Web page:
It also means the demand for trains is, what he calls, “lumpy”. “When an election comes up in Queensland, or Victoria, or New South Wales, the state governments will say ‘let’s invest in trains and more carriages to relive the congestion’,” Herbert explains. “So, instead of there being a smooth demand curve where companies can build their capacity to deal with it, there is too much demand at one time. Governments then look offshore, meaning we don’t build capacity in Australia to solve our own problem.”

Improving levels of coordination between the different commonwealth, state and territory authorities is one of the central themes of ARA’s recently published National Rail Industry Plan for the Benefit of Australia. “We’re saying let’s try to pull this together, get a plan and see if we can introduce some coordination and cohesion into the industry,” says Herbert. “It’s only going to get bigger and better so now really is the time to act.”

The plan, he continues, also includes an emphasis on “recognising the importance of rail for Australia’s infrastructure development, urban planning and freight movements”, growing the capabilities of individuals and companies in the industry, maximising opportunities for rail companies and fostering innovation, research and development.

In devising the plan, Herbert says ARA drew particular inspiration from the UK, where a Rail Supply Group was launched in February 2016 and is co-chaired by an industry leader, the Secretary of State for Transport and the Secretary of State for Business, Innovation and Skills. It is, in effect, the UK’s own rail industry plan.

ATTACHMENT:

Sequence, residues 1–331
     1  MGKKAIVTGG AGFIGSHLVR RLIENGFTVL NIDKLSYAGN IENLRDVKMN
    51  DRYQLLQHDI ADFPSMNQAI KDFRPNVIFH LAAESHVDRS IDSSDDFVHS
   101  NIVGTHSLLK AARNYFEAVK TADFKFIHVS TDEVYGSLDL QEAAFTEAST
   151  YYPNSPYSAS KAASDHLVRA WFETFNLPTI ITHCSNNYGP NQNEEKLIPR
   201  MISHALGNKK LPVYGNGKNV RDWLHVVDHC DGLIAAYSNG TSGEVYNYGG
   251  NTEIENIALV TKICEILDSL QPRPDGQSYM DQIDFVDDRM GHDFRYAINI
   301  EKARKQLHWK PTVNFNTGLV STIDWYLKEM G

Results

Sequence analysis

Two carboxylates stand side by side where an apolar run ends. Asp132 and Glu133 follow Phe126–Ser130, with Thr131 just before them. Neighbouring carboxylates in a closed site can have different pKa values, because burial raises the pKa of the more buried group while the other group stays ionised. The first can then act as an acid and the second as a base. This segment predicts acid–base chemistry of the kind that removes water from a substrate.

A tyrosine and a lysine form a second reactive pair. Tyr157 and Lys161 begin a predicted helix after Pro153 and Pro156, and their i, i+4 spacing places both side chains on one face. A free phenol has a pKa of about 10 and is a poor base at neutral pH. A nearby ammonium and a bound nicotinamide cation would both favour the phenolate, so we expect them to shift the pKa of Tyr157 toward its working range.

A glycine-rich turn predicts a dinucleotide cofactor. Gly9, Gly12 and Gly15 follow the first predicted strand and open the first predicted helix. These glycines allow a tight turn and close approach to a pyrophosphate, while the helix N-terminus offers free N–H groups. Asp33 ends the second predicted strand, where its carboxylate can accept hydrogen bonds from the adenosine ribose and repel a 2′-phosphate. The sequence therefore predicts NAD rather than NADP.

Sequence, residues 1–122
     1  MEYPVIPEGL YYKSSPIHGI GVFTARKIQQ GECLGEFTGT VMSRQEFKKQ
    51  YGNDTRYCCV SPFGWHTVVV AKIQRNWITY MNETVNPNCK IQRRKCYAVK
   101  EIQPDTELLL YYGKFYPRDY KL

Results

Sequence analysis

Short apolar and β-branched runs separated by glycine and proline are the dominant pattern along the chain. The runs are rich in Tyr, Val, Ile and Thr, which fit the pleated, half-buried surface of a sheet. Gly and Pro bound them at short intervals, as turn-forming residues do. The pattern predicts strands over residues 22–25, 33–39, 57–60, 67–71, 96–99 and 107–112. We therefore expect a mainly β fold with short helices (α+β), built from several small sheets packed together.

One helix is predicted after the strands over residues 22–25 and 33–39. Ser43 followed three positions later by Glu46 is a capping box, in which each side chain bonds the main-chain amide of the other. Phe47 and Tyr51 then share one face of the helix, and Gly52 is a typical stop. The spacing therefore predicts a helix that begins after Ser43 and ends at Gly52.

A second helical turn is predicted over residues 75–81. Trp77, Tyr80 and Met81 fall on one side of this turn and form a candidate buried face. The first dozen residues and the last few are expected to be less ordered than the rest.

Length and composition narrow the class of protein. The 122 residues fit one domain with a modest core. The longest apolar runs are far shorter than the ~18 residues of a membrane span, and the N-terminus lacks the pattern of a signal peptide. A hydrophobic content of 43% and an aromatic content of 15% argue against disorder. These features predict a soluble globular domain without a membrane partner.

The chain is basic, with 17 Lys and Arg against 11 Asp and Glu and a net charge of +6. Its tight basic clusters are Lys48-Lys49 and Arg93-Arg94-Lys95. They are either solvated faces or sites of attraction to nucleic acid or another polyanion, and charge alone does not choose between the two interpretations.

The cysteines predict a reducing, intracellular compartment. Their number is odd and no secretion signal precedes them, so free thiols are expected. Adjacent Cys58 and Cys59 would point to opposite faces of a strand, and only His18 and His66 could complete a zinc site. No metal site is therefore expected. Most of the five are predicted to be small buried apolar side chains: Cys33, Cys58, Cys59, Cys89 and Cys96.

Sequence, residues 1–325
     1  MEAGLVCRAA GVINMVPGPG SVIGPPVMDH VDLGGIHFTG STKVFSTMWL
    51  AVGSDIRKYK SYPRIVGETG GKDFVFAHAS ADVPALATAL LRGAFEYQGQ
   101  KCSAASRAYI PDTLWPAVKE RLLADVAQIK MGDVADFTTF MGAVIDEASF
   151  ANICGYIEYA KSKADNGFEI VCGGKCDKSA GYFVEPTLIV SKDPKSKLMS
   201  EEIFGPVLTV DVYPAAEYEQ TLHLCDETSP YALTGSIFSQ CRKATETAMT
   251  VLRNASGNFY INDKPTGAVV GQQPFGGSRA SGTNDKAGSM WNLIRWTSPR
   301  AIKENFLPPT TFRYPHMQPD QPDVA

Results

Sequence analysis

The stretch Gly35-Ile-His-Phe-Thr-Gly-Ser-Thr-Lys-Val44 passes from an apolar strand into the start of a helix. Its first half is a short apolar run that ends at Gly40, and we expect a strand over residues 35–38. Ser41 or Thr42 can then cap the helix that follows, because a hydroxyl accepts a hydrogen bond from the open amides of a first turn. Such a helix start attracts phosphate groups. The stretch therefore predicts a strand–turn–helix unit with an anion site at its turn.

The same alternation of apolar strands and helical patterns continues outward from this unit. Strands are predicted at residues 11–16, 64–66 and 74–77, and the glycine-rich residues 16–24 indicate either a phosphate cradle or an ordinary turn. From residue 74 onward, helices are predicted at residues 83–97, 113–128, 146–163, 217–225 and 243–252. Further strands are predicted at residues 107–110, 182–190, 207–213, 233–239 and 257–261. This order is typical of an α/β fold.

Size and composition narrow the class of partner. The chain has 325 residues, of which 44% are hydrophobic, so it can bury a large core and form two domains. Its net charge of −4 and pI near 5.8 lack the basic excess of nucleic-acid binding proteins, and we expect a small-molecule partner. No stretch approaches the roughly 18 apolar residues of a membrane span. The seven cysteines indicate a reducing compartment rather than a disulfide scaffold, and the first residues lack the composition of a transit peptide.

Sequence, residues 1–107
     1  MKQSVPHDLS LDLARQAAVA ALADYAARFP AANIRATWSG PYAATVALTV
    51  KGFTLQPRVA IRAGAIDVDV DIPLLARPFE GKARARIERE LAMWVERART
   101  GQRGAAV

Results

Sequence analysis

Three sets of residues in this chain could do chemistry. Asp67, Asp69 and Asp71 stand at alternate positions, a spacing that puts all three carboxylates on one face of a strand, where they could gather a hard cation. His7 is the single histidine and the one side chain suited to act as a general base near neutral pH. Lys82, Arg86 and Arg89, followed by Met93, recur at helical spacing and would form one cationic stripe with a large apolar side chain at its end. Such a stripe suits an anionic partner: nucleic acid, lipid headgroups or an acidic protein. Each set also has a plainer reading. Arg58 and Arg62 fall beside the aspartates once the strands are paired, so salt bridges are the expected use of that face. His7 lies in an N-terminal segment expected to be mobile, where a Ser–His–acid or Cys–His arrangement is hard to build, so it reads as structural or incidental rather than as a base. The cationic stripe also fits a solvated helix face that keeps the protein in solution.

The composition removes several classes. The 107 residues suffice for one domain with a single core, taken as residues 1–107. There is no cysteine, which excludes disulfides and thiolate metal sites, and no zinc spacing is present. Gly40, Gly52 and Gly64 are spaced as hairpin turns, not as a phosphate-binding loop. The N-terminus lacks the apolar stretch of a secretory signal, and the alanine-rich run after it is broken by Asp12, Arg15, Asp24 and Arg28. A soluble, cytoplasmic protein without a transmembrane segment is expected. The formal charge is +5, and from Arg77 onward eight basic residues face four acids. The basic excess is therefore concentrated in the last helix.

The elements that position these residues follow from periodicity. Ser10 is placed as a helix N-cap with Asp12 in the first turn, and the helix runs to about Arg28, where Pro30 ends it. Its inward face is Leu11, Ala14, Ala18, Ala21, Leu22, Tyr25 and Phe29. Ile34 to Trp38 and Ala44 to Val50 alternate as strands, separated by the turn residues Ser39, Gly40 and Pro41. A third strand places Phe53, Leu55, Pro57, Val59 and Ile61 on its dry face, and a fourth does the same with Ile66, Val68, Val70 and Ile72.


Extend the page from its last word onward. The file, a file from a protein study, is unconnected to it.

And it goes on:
“The UK’s Rail Supply Group started with the government saying it wants to regenerate the rail industry and become the best provider and operator in the world,” says Hebert. “That led to all the supply companies coming together and forming a group that works directly with government. When I first looked at it I thought I could have picked it up and just cut out the word UK and put Australia there and it would have fitted very well. I said to our guys ‘use that as a model’.”

Public engagement on public rail projects

For now, Herbert says, the most important thing for ARA is convincing people in the value of its plan. While he recognises that mediating between the different political aspirations of Australia’s Governments can be difficult, he believes the task is essential.

“It’s no good this being seen as ARA’s plan,” he says, “It needs to be owned by the industry and the nine governments to make it work.”

A recent meeting between an ARA delegation and Commonwealth Ministers in parliament suggests this strategy is working well so far. “I’ve very rarely been able to pull an audience from our government where the three top ministers are sitting at the table talking to us about what we are trying to achieve,” Herbert says. “We did that when we wrote the plan and invited them to a meeting. It was a very positive sign.”

Now, Herbert adds, he is travelling from state to state, telling people of ARA’s aspirations. “The challenge I have at the moment,” he says, “is making sure the governments put their hands in their pockets to fund it. I don’t think there is a lot of money required but you’ve got to put some resources in place to drive this.”